Hello. I recently received this email. I hadn't heard back from them till after the holiday as as if the office was closed. They then gave me a bank address in London to contact with a coded number. Now I received an email from the bank requesting a photocopy of my id. They haven't asked for money yet. I'm leary about giving my I'd for proof of me. Then they will need my bank info which they certainly will not get.

I wish I knew how to find out if this is a scam. Sure seems like one. Lol. Who Gives Away 3.5 Million Dollars THESE days?


July 29, 2018 at 12:48 PM by
"Birgit Rausing and Family" Donation Scam
an anonymous user from: Wroclaw, Woj. Dolnoslaskie, Poland

Did you give away you bank info in the end or not?

I also received this email and I´m really not sure if I can trust this. Sounds too good to be true.


January 7, 2018 at 10:52 PM by
"Birgit Rausing and Family" Donation Scam
an anonymous user from: Houston, Texas, United States

Just a word to the wise! If you actually respond to one of these, more than likely, you will be inundated with many more scam emails. You might as well just create and use an alias account that you can shut off...


January 7, 2018 at 10:48 PM by
"Birgit Rausing and Family" Donation Scam
an anonymous user from: Houston, Texas, United States

I got one, with a bank DBS BANK INDIA: they will tell you the you must open an account and transfer money ($650) into it to cover account setup and fees. I stopped there, but I presume that they simply keep your deposit and then disappear! I could really have invested the money to do what they claimed to want. Tim


December 18, 2017 at 4:45 PM by
"Birgit Rausing and Family" Donation Scam
an anonymous user from: San Fernando, Central Luzon, Philippines

Good thing I trusted my instinct and checked this on google search. I received the exact letter just now on my email regular inbox. It was separated as junk, and the only reason why I opened it. I do not even know how I received such an email. NO ONE gives money like this.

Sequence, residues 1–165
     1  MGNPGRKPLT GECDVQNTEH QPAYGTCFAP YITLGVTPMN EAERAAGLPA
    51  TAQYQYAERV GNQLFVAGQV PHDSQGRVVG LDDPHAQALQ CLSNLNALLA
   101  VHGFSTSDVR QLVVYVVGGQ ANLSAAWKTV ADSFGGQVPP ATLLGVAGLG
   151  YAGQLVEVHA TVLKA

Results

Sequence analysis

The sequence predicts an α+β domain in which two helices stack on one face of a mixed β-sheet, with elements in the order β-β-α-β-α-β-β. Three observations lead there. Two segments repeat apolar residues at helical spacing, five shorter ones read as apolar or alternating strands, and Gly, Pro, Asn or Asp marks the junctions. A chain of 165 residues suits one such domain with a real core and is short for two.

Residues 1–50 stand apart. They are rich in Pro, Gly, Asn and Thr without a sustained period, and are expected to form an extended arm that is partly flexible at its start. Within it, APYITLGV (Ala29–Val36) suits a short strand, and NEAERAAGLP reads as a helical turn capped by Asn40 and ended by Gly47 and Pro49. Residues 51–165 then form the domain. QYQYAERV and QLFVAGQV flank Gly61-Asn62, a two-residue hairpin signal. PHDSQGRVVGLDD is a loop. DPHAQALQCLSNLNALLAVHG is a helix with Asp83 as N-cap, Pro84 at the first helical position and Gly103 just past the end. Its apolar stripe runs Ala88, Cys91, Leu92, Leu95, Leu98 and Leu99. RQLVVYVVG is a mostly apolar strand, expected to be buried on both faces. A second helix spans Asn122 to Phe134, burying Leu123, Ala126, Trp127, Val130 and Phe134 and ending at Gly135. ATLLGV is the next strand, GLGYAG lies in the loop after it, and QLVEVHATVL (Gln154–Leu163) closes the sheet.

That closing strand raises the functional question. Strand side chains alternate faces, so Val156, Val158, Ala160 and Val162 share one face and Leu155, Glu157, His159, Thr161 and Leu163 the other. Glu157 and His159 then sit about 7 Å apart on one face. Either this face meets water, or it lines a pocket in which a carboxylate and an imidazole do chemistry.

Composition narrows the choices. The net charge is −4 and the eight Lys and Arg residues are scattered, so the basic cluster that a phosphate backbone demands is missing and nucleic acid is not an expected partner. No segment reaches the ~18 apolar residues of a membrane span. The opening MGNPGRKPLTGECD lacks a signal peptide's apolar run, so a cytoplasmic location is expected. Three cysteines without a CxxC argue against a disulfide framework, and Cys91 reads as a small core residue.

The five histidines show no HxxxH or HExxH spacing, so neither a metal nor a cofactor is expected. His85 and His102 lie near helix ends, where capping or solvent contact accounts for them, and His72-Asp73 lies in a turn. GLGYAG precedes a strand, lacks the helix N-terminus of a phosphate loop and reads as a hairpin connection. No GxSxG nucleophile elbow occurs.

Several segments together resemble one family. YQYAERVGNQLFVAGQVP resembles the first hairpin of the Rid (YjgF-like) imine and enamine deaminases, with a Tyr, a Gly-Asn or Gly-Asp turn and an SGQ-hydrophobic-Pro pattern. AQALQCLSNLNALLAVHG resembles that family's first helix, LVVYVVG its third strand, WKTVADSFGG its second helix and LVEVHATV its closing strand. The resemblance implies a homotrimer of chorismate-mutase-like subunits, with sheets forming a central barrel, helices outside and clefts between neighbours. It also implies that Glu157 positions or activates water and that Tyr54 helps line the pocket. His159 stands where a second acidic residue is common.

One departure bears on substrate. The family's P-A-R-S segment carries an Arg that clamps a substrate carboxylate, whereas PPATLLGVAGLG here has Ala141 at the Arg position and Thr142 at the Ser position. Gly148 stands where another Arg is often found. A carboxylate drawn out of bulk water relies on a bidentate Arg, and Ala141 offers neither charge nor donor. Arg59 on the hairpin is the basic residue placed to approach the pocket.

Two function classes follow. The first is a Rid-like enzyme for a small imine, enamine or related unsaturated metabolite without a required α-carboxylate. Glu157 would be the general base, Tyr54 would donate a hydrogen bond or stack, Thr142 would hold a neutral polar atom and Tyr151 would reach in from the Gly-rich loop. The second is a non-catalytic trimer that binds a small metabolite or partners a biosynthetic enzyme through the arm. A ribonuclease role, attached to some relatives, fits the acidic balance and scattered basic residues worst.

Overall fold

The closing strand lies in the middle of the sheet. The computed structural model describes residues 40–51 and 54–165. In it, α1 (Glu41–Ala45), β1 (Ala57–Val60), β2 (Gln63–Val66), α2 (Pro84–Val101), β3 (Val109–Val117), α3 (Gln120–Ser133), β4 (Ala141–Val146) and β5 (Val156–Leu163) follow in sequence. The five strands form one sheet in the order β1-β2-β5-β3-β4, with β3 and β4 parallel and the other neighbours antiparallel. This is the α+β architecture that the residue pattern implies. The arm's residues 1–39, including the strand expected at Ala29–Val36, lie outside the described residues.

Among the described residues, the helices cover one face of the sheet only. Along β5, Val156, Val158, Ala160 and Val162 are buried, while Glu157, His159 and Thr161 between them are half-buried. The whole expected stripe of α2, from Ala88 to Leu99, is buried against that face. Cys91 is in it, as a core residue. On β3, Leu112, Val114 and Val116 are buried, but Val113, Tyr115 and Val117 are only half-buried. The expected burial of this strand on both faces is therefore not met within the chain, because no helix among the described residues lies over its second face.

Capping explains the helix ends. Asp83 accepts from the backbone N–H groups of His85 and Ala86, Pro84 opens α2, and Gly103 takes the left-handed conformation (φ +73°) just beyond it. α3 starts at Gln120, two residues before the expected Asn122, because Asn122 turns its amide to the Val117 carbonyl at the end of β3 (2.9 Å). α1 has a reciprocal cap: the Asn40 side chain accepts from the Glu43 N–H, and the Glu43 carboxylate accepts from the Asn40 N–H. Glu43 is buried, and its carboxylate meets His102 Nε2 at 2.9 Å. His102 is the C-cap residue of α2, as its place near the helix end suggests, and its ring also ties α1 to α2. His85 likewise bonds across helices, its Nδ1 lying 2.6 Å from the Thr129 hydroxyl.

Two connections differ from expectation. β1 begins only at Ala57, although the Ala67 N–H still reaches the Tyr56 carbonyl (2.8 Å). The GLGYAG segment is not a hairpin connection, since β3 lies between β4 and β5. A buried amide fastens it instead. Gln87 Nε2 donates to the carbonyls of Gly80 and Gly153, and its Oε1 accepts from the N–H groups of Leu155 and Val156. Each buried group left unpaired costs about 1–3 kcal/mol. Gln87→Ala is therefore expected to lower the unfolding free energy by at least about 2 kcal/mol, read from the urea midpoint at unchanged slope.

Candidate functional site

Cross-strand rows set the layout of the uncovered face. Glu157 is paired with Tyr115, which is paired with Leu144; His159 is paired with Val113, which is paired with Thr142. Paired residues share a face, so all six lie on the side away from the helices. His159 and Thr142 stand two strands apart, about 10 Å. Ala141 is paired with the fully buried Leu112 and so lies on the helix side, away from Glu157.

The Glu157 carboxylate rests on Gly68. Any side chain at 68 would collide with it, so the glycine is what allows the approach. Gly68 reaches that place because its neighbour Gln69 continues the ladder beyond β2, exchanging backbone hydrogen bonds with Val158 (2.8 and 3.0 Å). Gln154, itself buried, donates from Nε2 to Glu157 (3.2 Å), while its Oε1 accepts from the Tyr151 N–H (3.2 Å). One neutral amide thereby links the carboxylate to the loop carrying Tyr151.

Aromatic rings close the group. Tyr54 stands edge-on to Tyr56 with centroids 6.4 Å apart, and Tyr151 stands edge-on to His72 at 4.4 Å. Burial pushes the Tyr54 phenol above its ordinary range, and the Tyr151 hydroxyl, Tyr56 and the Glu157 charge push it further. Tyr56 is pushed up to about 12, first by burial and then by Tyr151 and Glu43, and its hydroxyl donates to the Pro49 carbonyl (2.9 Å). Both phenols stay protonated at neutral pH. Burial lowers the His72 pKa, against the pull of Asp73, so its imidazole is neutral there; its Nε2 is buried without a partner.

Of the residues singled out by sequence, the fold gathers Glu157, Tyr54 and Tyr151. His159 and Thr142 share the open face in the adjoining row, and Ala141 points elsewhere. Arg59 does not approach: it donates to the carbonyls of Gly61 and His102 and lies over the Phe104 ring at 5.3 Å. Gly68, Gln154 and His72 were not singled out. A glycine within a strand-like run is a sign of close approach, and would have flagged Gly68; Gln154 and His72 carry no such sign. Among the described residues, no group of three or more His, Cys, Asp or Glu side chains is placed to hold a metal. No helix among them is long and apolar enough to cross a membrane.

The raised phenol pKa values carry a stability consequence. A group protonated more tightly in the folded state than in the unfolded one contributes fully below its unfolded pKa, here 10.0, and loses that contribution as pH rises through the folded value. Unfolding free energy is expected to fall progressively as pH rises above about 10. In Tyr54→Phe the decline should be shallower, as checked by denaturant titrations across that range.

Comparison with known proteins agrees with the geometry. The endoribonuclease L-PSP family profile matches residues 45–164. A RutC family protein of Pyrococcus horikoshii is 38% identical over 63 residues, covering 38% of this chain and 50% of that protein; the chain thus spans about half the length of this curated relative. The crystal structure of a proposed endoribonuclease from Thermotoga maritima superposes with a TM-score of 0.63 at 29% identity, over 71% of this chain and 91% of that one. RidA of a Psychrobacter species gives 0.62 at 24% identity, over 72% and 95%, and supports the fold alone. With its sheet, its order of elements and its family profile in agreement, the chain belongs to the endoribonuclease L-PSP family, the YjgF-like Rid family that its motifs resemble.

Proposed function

Mr. Price


November 29, 2017 at 4:44 PM by
"Birgit Rausing and Family" Donation Scam
an anonymous user from: Hot Springs National Park, Arkansas, United States

I received this today with a picture of her stating it was from forbes magazine. April Nevels

BIRGIT RAUSING <birgitrausing17@hotmail.com>

I know this might come to you as a surprise as you have been selected for our 2017 yearly grant allocation and you will be receiving a grant donation of $3.5Million USD from Birgit Rausing & family. You can read more about me at: http://www.forbes.com/profile/birgit-rausing/ and send your response for more details.

Birgit Rausing & family - Forbes


Birgit Rausing & family; 2013 Billionaires List: Dropoff; Age 92 Source Of Wealth packaging Citizenship Sweden Marital Status Widowed Children 3


Birgit Rausing & Family.


December 7, 2017 at 7:29 AM by
"Birgit Rausing and Family" Donation Scam
an anonymous user from: Taehyon-Dong, Seoul, South Korea

I had the mail from Birgit Rausing & Family @ hotmai.com too...


November 5, 2017 at 7:53 AM by
"Birgit Rausing and Family" Donation Scam

Here is another scam:

"From: Adelaida Martinez

Sent: Saturday, November 4, 2017 1:55 PM

Subject: * Hello

I know this might come to you as a surprise as you have been selected for our 2017 yearly grant allocation and you will be receiving a grant donation of $3.5Million USD from Birgit Rausing & family. You can read more about me at: http://www.forbes.com/profile/birgit-rausing/ and send your response for more details.


Birgit Rausing & Family."


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In any transaction you conduct, make sure to check with your state or local consumer protection agency and the Better Business Bureau (BBB) to see if the seller, charity, company, or organization is credible. Be especially wary if the entity is unfamiliar to you. Always call the number found on a website’s contact information to make sure the number legitimately belongs to the entity you are dealing with.

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Verify urgent requests or unsolicited emails, messages or phone calls before you respond

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Be careful with links and new website addresses

Malicious website addresses may appear almost identical to legitimate sites. Scammers often use a slight variation in spelling or logo to lure you. Malicious links can also come from friends whose email has unknowingly been compromised, so be careful.

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Keep your software up to date and maintain preventative software programs

Keep all of your software applications up to date on your computers and mobile devices. Install software that provides antivirus, firewall, and email filter services.